With the body in place, the suspension was aligned, a job made significantly easier by the Hunter rig, which accurately aligned the wheels using hub-mounted sensors. The in-house moulded doors and seats, as well as soft-tops and vacuummoulded plastic parts, were hand-finished in separate sub assemblies before being fitted on the line. Once completed, the car was checked over, fired up and taken for a shakedown on the track before being tested for leaks. Twice a week, a car was selected at random to be given a full quality audit both in the factory under the daylight quality lights and out on the track to ensure standards remained as high as possible.

As further variations appeared on the same basic tub (see Chapters 3 and 5), there was a new challenge for the production team. 'Factory 1 became a more flexible assembly line, introducing 135s, 160s, 11 1Ss and 340Rs,'recalled Dowton. 'We had to work out different times for different processes for each model. At one time, we were producing 60 cars a week with five different variants on the line; every 30 minutes we'd produce a car. I was so proud of those people and what we achieved during that period of time.'

From Elise, Rebirth of the True Lotus by Alastair Clements


The United States government can provide an exemption to a car maker for parts that are not in compliance. These exemptions are a matter of public record. The exemption for the Elise provides some interesting information.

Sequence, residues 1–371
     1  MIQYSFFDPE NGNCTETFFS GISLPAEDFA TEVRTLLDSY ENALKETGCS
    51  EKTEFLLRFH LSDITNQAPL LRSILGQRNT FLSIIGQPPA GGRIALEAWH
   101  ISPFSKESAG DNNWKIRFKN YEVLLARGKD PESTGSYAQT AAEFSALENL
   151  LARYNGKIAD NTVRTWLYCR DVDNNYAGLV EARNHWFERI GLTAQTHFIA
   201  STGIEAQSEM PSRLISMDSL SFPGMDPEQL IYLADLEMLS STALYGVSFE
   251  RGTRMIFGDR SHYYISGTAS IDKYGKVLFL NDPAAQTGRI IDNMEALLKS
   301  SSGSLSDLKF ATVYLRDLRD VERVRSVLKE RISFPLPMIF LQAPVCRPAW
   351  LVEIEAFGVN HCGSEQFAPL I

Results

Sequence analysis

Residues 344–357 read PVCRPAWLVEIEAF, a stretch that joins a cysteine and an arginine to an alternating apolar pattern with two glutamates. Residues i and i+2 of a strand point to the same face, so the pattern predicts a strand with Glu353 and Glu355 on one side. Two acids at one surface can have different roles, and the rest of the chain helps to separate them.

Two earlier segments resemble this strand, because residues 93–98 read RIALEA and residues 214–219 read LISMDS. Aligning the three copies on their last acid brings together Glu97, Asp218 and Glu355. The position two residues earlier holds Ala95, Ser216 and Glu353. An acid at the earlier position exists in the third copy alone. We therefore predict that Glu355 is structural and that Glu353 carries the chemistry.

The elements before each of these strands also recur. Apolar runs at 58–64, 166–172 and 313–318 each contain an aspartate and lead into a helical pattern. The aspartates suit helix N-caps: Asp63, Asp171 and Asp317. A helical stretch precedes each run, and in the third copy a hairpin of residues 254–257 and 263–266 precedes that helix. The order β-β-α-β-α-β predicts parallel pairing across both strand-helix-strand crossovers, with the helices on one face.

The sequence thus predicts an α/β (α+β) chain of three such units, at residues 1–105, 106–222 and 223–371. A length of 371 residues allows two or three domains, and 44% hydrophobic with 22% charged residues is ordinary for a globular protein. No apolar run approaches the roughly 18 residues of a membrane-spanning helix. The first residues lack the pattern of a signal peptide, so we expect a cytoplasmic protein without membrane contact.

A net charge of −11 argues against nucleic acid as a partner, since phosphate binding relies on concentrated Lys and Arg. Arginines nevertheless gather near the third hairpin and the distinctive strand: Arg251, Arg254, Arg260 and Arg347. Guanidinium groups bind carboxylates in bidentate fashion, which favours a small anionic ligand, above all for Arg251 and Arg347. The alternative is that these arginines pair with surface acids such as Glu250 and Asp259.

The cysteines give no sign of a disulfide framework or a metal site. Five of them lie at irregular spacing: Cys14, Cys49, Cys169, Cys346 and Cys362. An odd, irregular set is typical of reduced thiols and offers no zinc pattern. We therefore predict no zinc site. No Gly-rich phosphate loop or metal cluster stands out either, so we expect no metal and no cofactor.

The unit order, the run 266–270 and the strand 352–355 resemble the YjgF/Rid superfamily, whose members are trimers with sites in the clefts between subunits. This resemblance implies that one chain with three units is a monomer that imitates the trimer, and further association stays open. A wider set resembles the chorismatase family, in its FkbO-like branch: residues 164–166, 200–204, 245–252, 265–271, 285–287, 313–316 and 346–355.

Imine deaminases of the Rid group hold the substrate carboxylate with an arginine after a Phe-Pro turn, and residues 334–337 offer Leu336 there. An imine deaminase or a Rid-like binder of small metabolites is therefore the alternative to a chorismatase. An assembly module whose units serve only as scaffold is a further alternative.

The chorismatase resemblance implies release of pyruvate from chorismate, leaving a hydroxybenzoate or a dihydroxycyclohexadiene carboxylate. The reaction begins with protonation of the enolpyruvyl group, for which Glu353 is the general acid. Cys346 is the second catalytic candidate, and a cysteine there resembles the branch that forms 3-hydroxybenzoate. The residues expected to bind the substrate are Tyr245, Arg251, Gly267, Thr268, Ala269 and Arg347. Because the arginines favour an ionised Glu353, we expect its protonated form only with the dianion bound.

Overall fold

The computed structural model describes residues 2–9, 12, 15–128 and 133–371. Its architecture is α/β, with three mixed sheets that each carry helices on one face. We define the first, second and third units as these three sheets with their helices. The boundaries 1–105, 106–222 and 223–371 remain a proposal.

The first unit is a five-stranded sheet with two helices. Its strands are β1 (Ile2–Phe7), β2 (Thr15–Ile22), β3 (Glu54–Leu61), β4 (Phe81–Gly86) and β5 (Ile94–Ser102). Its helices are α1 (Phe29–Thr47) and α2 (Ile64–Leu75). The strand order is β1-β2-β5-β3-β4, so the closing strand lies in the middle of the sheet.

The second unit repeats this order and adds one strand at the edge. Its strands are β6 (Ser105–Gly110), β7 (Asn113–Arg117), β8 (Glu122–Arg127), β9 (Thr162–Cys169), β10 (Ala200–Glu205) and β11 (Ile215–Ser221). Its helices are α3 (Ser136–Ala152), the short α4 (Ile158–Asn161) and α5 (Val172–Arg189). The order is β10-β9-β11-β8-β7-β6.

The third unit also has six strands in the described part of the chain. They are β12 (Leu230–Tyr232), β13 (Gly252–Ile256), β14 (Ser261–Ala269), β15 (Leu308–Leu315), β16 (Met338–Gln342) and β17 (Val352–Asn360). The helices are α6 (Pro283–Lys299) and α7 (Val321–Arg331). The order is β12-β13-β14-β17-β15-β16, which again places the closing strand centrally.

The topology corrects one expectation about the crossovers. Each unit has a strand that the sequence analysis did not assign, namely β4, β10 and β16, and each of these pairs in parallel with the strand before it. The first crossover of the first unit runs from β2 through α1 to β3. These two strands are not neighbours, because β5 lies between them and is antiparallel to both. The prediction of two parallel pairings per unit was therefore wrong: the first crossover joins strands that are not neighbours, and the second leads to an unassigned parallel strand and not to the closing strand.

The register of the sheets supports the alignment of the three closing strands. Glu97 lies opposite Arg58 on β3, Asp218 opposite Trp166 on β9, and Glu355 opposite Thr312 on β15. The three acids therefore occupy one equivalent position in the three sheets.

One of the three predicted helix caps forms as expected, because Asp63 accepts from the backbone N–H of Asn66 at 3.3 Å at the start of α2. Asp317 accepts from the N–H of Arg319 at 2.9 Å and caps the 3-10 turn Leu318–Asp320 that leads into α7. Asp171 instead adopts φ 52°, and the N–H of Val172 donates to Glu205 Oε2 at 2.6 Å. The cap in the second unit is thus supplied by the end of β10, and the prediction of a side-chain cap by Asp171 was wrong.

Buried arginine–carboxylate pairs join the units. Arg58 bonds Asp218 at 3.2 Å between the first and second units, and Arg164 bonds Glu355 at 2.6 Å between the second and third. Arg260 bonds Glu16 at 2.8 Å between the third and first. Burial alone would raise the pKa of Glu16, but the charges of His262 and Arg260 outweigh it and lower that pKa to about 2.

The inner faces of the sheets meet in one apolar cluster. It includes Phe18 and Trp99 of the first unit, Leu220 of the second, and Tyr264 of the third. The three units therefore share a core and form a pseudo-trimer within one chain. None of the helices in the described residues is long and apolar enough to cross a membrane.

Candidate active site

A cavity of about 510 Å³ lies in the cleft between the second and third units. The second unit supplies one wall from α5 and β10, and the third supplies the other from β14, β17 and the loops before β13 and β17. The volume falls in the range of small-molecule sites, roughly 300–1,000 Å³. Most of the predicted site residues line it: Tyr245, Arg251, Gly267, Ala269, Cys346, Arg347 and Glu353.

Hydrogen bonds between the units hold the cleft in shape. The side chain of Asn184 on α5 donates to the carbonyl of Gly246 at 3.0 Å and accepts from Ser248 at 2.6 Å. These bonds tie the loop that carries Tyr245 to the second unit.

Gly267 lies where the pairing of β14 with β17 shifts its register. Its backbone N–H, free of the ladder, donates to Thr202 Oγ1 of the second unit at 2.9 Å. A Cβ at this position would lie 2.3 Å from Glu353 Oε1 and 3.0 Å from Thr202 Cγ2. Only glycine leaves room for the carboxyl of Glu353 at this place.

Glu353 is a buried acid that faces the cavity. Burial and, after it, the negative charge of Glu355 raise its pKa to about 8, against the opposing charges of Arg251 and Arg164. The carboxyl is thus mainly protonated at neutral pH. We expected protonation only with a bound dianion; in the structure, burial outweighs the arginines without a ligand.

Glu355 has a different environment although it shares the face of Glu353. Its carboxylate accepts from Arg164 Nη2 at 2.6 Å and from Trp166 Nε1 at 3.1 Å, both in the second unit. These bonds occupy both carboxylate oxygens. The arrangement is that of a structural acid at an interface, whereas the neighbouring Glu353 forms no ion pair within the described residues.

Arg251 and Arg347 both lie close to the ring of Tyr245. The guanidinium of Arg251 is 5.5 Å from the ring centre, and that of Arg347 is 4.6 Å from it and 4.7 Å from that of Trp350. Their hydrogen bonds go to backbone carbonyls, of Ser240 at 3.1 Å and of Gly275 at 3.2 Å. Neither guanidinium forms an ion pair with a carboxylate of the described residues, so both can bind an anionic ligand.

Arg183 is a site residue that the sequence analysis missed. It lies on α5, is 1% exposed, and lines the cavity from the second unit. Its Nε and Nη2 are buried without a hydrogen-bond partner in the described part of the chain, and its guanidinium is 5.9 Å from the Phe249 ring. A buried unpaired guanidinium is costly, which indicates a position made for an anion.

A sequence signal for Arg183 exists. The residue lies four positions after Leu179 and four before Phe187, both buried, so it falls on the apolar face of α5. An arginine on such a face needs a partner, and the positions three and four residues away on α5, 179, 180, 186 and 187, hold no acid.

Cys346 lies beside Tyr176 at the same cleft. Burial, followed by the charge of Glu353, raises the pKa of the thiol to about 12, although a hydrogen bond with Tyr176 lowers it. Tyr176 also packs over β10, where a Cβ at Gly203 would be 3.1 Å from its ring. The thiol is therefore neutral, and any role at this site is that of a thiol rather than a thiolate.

Someone asked on the Lotus List about how safe the Lotus Elise might be? I was often asked the same question when driving my Caterham Seven. The car is light, very small (not visible), and has no modern protection like door beams, air bags, or roll over switches to turn off the fuel pump in case of an accident. I made the car as safe as possible by installing a four point harness, retaining the roll over bar, and installing a fire extinguisher. I also believe the car is nimble enough to help me avoid most accidents.

However, if an accident were to happen, there was little that will protect me. A large, heavy car will drive over me, smash in what little there is on the side and crush me.

An Elise is better because there are significant frame members along the sides and the front struction is designed to crush and absorb the impact. The car is nimble so many accidents can be avoided. However it is still small, light, and low to the ground. There is no substitute for driving defensively and carefully.

Fire, I wonder what caused the it?

Notice how the front wheel went straight back and did not intrude into the passenger comparmtment. Perhaps the frame rail protected the driver?